Sweet Trip

Sorry, it’s been a while! December was a bit of a whirlwind at work with a conference at a nearby school, demonstration lessons, and (of course) Christmas-themed lessons; I ended up leaving Kyushu on Christmas Day to visit my family back in Texas. It was a nice, if not short, trip, and it was good to see my family again. But now, I’m back and more determined than ever to make the best of this experience. Last weekend, I made a trip to Hikari-no-mori, a nearby town, to do some shopping and finally watch the movie Baymax (Big Hero 6); not exactly a particularly Japanese-y outing, but the movie was dubbed over with Japanese voice actors. And because my birthday was the following Monday, I bought myself some bath bombs from LUSH (yes, they have LUSH here- I was so excited about this!), a cool backpack, and a cute pencil case (pouch?). Check out my swag below!

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Anywho, for this weekend’s excursion, I decided I try to visit a shrine and the popular department store Desaki in nearby Kikuyo. Those who know me, know that I absolutely hate driving, so I find it a little ironic that I ended up in a rural placement where I have to commute (by car) for an hour through winding mountain roads on the opposite side of the road than I was previously accustomed. Nonetheless, today I opted to drive instead of taking the train since it was such a short distance.

The ‘shrine’ wasn’t really what I expected. To be fair, I didn’t really know what to expect since my knowledge of shrines is very limited; to prepare, I read before a short article on temple/shrine etiquette before heading out to try to find my first shrine. Long story short, I didn’t actually find it…I found this building instead.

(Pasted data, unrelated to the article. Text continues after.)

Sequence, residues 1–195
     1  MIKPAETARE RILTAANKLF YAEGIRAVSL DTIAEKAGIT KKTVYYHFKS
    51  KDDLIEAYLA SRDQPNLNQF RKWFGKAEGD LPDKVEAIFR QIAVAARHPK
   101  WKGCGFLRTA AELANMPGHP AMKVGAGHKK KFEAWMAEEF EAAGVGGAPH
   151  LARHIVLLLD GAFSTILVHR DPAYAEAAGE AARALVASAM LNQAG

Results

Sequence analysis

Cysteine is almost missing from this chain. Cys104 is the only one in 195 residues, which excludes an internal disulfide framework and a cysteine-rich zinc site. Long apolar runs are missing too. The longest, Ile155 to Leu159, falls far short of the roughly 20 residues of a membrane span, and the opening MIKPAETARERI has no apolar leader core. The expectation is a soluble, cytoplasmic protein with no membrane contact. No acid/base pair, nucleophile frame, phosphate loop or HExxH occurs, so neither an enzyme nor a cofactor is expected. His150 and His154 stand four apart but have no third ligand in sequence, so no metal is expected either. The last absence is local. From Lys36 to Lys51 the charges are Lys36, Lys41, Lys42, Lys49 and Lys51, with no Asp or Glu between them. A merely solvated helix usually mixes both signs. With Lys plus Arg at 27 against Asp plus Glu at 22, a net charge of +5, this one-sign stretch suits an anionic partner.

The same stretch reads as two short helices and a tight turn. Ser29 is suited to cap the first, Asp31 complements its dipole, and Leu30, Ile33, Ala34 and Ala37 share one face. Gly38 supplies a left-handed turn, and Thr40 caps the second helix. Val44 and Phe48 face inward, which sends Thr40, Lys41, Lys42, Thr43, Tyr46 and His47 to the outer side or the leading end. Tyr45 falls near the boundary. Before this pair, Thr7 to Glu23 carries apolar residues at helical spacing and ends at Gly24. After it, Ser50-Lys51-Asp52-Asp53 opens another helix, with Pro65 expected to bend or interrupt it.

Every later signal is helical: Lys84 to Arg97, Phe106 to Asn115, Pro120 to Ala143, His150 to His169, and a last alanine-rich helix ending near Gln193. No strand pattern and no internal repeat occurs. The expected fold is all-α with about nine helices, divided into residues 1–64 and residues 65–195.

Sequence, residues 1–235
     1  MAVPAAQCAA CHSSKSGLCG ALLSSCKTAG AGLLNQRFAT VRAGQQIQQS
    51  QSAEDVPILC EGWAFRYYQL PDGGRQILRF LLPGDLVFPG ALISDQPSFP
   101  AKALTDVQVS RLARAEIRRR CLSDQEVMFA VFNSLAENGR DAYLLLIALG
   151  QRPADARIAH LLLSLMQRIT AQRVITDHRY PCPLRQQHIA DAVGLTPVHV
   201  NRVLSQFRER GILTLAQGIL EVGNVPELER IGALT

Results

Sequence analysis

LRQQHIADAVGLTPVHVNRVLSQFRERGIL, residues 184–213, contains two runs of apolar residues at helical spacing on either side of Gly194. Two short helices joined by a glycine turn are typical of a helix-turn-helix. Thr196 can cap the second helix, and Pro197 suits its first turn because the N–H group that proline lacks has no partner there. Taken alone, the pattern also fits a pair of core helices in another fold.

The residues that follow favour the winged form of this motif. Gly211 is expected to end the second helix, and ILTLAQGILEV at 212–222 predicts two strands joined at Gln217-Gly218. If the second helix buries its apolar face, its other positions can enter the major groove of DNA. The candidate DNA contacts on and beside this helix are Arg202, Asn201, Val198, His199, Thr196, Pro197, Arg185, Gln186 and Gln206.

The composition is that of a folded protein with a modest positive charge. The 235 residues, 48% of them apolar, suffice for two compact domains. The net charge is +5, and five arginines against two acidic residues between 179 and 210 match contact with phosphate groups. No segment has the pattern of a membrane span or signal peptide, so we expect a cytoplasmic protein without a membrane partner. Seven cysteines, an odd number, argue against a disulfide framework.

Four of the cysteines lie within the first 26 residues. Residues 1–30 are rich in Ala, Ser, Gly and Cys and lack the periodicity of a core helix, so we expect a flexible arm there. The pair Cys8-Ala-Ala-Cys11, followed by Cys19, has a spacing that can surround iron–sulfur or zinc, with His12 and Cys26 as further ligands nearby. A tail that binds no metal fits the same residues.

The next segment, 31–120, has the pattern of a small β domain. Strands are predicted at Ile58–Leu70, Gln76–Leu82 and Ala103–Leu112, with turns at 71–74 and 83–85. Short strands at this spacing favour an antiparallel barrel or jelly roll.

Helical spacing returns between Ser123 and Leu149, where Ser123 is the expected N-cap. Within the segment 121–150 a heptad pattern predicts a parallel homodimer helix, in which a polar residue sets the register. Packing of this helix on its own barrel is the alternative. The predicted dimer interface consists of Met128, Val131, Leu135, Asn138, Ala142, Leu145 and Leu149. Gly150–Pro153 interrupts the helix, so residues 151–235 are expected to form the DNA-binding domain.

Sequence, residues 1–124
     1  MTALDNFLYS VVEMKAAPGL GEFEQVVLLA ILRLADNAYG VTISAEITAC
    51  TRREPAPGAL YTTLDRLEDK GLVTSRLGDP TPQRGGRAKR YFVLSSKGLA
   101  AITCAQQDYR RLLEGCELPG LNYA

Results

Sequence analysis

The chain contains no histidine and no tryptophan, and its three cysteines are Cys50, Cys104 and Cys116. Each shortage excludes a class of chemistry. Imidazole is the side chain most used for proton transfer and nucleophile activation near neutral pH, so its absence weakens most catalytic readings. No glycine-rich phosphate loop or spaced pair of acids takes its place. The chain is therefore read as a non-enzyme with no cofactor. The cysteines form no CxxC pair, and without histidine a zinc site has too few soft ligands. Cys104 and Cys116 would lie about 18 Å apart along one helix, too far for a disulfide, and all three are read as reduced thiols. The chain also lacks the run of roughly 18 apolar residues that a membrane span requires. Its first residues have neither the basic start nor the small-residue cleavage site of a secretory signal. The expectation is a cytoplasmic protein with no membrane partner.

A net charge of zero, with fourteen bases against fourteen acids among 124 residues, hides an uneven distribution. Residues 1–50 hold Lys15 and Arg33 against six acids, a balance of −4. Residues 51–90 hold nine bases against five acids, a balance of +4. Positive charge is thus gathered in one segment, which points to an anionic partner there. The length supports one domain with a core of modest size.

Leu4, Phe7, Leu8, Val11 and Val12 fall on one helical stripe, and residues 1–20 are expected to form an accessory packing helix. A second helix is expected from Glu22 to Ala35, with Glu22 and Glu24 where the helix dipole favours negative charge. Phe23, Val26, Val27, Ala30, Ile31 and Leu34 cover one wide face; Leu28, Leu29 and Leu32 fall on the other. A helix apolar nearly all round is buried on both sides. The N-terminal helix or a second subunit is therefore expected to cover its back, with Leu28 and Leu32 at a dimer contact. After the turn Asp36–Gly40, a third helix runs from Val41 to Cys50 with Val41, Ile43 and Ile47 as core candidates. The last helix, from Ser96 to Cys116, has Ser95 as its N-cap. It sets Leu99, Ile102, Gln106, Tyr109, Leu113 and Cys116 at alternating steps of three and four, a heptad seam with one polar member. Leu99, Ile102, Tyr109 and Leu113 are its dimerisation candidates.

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I’m still not really sure what this is, but I think next time I decide to go looking for a shrine here in Japan, I’m going to try to go with someone who actually knows what to look for. Oh well, you live and learn, right?

Anyways, Desaki did not disappoint. I’ve been to this store once before, with a lovely English woman who I met at a conference I went to in Aso-Nishi, but coming here alone was slightly different experience. Not better or worse, just different. What I did enjoy was getting to linger in the clothing section; for some reason, I love fabric with rich textures- wool, cotton, velvet, corduroy, flannel- you name it, I adore it. Ever since I was a kid, I have always loved running my hand through clothing racks in department stores, and the clothing section of Desaki was like my personal trip back to childhood. Plus, the clothes were all so pretty and of amazing quality.

Next, I headed to the craft department, and, let me tell you, Desaki is a scrapbooker’s paradise. Endless arrays of decorative masking tapes, rubber stamps, and beautiful paper crafts lined the aisles; I wanted everything! Although if I’m being honest, I wanted everything from every section- clothing, crafts, kitchenware! It was all so gorgeous and, again, very high quality, but I decided to show some restraint, and came of there with only a cute, small tea cup and this super sweet umbrella.

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All in all, this weekend was truly a success. But maybe next weekend, I’ll do something that won’t make me want to empty my wallet. Lucky for me, Aso has some great hiking trails, so I will be sure to check those out, so long as the ash isn’t too troublesome. Oh yeah, did I mention that my town is located near the base of an active volcano that has been spewing smoke and ash for the better part of two months now? I hadn’t? Well, it is. It’s pretty cool actually, as long as you don’t get too close.

Well, jaa ne! (That roughly means, “see you later!”)

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Onigiri & Ugly Sweaters